While there are exercises you can eventually do to strengthen those muscles, the main thing they need in those early days is rest — so prioritize that.
It May be Hard to Sit
In the first few days after giving birth, I dreaded everything that required any kind of movement. Standing up to hold my daughter? Ouch. Sitting back down? Also ouch. Using the bathroom? Forget it.
Especially if you had tearing, a sitz bath may be helpful. "Sitz baths are recommended for tears, as they bring heat and circulation to the tissue which can increase the speed of healing and reduce scar tissue," says Reeves. "Once you have stopped bleeding, full-body baths are beneficial as well, heat therapy for the pelvis through these and other modalities promote tissue health."
If you're struggling with bowel movements (yup, this is a thing), Reeves recommends loading up on omega 3s and magnesium. "This can soften stool and decrease colon transit time, meaning the stools won’t feel as firm and compacted."
If You Had a C-Section
Although they're incredibly common, a c-section is major abdominal surgery and typically take longer to recover from than a vaginal birth. So in addition to not pushing yourself too hard, it's important to pay close attention to your scar. "Once the wound has healed, massaging the scar with castor oil to help break down scar tissue can help prevent the scar tissue from continuing to grow," Reeves says. "Sometimes people who have c-sections will notice numbness on the scar itself and below, this numbness indicates scar tissue that is restricting nerve and proper blood flow to the area. Working with heat is beneficial, along with focusing on foods that support connective tissue growth like collagen."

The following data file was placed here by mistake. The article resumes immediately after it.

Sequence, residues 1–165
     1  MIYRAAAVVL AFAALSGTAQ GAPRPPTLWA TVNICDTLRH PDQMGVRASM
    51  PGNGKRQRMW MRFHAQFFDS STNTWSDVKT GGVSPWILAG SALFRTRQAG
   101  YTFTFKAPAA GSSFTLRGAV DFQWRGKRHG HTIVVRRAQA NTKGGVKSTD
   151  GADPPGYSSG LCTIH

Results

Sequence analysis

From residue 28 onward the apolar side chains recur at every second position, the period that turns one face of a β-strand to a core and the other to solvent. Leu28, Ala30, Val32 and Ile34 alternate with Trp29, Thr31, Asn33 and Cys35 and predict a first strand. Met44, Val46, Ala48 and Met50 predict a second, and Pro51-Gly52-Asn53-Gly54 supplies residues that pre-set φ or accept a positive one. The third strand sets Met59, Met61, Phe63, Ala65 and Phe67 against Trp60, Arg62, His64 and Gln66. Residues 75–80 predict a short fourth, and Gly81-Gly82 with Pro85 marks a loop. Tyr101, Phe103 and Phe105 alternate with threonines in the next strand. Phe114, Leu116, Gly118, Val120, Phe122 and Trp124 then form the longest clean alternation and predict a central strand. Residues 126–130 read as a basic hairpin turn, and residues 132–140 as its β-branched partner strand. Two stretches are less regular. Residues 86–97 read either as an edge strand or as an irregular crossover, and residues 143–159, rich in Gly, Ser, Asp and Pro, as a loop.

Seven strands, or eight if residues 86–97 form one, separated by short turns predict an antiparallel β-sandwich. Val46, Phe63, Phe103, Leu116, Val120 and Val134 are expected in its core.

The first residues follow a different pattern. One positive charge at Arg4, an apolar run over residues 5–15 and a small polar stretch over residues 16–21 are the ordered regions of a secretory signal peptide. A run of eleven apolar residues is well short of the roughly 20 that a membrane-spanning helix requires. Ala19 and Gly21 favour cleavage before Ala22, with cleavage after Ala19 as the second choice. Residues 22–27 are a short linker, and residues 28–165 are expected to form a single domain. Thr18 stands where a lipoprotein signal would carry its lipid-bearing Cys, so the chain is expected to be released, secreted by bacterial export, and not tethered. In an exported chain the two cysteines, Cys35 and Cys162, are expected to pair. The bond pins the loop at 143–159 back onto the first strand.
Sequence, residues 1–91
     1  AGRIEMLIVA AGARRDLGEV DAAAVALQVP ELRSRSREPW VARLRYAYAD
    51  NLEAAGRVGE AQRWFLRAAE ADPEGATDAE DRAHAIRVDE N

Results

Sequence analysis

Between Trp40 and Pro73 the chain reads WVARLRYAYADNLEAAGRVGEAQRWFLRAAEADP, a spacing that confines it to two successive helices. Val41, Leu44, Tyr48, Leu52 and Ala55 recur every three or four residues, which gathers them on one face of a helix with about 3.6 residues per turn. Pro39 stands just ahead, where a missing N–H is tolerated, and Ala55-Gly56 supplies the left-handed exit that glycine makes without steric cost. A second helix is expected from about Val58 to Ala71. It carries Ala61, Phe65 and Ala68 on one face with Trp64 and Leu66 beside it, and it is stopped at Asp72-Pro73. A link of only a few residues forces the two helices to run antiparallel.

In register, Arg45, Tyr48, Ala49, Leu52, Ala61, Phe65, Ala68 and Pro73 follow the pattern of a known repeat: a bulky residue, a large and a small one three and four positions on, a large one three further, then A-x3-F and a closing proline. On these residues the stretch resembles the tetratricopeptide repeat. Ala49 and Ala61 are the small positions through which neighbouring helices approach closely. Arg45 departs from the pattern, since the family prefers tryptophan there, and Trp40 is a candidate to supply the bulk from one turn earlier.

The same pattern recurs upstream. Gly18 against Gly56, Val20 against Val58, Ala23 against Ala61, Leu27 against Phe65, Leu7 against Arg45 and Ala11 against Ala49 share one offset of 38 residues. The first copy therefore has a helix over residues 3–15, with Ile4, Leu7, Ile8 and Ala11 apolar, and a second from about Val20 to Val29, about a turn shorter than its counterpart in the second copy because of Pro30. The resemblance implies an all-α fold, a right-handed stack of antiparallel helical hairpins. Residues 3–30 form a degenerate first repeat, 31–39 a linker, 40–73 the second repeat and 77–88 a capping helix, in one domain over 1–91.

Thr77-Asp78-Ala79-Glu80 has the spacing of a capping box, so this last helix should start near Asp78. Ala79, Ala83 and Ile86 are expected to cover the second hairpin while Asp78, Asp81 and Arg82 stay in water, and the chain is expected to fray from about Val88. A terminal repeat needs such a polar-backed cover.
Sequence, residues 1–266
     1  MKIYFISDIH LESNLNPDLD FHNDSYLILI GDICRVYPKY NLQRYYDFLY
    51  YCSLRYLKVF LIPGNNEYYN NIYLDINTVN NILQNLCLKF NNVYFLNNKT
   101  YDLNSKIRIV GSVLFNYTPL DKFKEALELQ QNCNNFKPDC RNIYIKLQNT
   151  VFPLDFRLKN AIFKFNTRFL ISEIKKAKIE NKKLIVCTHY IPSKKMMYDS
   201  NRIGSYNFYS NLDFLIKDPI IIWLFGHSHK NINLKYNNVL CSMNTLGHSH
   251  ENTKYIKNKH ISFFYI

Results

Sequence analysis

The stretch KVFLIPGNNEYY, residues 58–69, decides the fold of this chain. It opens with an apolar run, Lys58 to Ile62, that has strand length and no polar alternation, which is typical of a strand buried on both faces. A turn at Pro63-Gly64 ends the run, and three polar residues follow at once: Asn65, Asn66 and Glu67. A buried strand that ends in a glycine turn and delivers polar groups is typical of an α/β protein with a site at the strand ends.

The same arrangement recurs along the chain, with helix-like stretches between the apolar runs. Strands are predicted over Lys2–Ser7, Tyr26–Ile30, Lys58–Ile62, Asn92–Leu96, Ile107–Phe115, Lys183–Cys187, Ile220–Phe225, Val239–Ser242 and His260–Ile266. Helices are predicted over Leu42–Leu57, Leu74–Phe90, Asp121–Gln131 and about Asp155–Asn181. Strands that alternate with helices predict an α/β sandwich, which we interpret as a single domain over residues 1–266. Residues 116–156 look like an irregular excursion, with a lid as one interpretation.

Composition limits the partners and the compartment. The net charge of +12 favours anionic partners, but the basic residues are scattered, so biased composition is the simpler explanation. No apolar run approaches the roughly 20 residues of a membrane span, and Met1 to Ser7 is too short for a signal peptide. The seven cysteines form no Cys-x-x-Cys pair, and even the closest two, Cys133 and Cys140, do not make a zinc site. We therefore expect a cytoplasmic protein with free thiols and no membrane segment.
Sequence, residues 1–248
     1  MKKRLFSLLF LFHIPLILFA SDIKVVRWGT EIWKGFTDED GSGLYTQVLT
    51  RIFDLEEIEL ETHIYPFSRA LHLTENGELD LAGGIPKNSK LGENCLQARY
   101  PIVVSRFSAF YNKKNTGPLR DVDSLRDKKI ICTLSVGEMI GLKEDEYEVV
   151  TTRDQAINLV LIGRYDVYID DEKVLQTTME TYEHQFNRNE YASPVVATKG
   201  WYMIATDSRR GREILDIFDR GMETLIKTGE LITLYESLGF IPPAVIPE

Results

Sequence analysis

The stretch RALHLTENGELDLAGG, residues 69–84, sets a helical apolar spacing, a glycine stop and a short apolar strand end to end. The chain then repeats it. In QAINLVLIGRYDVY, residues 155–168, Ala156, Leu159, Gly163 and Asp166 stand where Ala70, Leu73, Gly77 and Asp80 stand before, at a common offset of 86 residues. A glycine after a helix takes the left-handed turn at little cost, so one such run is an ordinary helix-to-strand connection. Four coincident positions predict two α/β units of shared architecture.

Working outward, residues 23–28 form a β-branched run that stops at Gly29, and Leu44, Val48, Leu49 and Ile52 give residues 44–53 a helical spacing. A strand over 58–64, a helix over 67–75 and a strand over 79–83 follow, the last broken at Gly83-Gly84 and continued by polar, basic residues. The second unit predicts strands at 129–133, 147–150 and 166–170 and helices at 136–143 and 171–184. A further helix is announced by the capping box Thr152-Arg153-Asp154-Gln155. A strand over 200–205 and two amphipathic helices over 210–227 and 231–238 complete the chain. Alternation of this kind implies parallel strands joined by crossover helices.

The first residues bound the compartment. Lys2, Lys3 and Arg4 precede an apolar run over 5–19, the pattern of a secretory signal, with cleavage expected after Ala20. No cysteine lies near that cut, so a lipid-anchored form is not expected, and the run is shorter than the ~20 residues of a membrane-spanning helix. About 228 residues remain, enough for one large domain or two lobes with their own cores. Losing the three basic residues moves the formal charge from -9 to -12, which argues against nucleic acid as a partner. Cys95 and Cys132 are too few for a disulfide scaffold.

How to Prepare
Unfortunately, there's so little emphasis on the mother in the weeks and months after giving birth—everything is about the baby. So if you find yourself sitting around wondering how to deal with everything from weird physical symptoms to anxiety and depression, it's important to remember you're not alone, and that you can always reach out to your doctor or a mental health professional for a little guidance.
And while it can be hard to fully prepare for the experience that is giving birth and taking care of a new baby, Tovah Haim, founder of the postpartum care company Bodily, suggests starting by stocking up on the essentials. "As adolescents, if we weren’t informed about our periods before we actually got them for the first time and didn’t have the basic products on hand, it would be disastrous and scary," she points out." That’s a preventable crisis and we have developed cultural norms to ensure that young women are largely prepared. The same type of prep needs to apply to birth and pregnancy recovery." (Side note: Bodily has some great products in their Care For Birth boxes.)
Haim adds that with a little education and prep work, the postpartum period can be a lot less scary, jarring and painful. "There’s always going to be discomfort, it is a major physical event! But it doesn’t need to be a crisis."